Ivanka Trump Wants America to Help Women in Afghanistan, a Country Her Father Wanted to Abandon

Ivanka Trump told a conference on empowering women in Afghanistan that the United States "stands side by side with the brave Afghan women and girls," despite her father's reported impatience with America's ongoing role in the war-torn country.

According to the book Fear, written by investigative journalist Bob Woodward, President Donald Trump is frustrated by America's long, deadly and costly war in Afghanistan, questioning why the military is even there. Before becoming president, Trump also repeatedly called for the immediate withdrawal of troops from Afghanistan.

American-led forces invaded Afghanistan in 2001 after September 11 in search of Osama Bin Laden, the terror attack mastermind and leader of Islamist militant group al-Qaeda. Afghanistan was a broken state ruled by Taliban militants which had become a hub for terror training camps.

Since then, the war has cost American taxpayers over $1 trillion, according to The Balance, which monitors expenditure on Afghanistan. And according to iCasualties, which monitors military deaths, there have been 2,200 American fatalities in Afghanistan so far.

Though the Taliban is no longer in control, pockets of resistance continue to fight on across Afghanistan, and new threats, such as the militant group Islamic State have emerged. The fear is that if America withdraws, militants will retake Afghanistan, which is now, at least, a fledgling democracy where citizens have greater freedoms than before the war.

But for women, life remains particularly hard. According to a 2011 study by the Thomson-Reuters Foundation, Afghanistan is the most dangerous country in the world for women because of the oppression, discrimination, and violence they continue to face.

"The United States stands side by side with the brave Afghan women and girls as they strive to create a stable and prosperous future for their children and families," White House advisor Ivanka Trump told the conference, held in Kazakhstan, by video message.

"We know that countries do better when women are able to participate fully in their societies. Afghan women leaders have long fought for basic health, economic and political rights against the obstacles of poverty, injustice and violence.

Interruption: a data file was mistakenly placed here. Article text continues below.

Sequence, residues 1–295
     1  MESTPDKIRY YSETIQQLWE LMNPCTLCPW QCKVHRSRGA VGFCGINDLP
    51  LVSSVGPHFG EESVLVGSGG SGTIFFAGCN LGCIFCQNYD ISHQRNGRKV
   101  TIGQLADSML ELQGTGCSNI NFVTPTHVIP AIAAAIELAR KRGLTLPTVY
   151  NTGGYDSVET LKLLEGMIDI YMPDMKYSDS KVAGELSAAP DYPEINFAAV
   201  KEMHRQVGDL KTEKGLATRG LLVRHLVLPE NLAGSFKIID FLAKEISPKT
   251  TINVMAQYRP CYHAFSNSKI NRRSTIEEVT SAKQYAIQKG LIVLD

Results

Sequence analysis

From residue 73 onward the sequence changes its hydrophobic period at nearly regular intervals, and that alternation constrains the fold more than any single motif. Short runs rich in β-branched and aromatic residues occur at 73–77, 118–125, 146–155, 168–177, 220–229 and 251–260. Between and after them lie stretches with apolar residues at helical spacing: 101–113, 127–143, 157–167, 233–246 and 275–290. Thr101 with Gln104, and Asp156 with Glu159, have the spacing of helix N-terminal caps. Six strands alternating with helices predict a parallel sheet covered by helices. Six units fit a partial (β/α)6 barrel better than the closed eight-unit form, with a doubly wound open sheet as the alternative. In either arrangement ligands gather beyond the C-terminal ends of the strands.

"Supporting women's empowerment is therefore fundamental to the future direction of Afghanistan. The status and disposition of women will determine whether or not Afghanistan will be a civilized member of the community of nations or will dissolve back into an oppressive and brutal society like that which we saw during the Taliban rule."

"The United States stands side by side with the brave Afghan women and girls.” Watch highlights of @IvankaTrump’s video address to the "Regional Conference on Women's Empowerment in #Afghanistan," hosted by @MFA_KZ & @EUinKazakhstan. pic.twitter.com/iSghnV2fct

— State_SCA (@State_SCA) September 6, 2018

In Woodward's book Fear, Trump is alleged to have dressed down generals at a National Security Council meeting in July 2017 over Afghanistan.

"The soldiers on the ground could run things much better than you," Trump told them, according to a section of the book highlighted by The Washington Post. "They could do a much better job. I don't know what the hell we're doing."

He then asked: "How many more deaths? How many more lost limbs? How much longer are we going to be there?"

Prior to becoming president in January 2017, Trump repeatedly called for America to withdraw from Afghanistan.

"It is time to get out of Afghanistan. We are building roads and schools for people that hate us. It is not in our national interests," Trump tweeted in 2012.

In another tweet, he wrote: "Why are we continuing to train these Afghanis who then shoot our soldiers in the back? Afghanistan is a complete waste. Time to come home!"

Trump also tweeted: "We have wasted an enormous amount of blood and treasure in Afghanistan. Their government has zero appreciation. Let's get out!"

However, Trump has actually increased troop numbers in Afghanistan, despite his view of the war as a futile waste of money and lives. In August 2017, he outlined his administration's plan for Afghanistan and admitted that his "original instinct was to pull out."

"A hasty withdrawal would create a vacuum that terrorists, including ISIS and Al-Qaeda, would instantly fill, just as happened before September 11. And as we know, in 2011, America hastily and mistakenly withdrew from Iraq," Trump said in his speech.

However, Trump made clear that America's priority was not to rebuild Afghanistan or "dictate…how to live." Instead it is to "kill terrorists."

"Ultimately, it is up to the people of Afghanistan to take ownership of their future, to govern their society, and to achieve an everlasting peace," Trump said. "We are a partner and a friend, but we will not dictate to the Afghan people how to live or how to govern their own complex society. We are not nation building again. We are killing terrorists."

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White House Senior Adviser Ivanka Trump speaks alongside US President Donald Trump at US Steel's Granite City Works steel mill in Granite City, Illinois July 26, 2018. Ivanka Trump wants America to stand "side by side" with women in Afghanistan. SAUL LOEB/AFP/Getty Images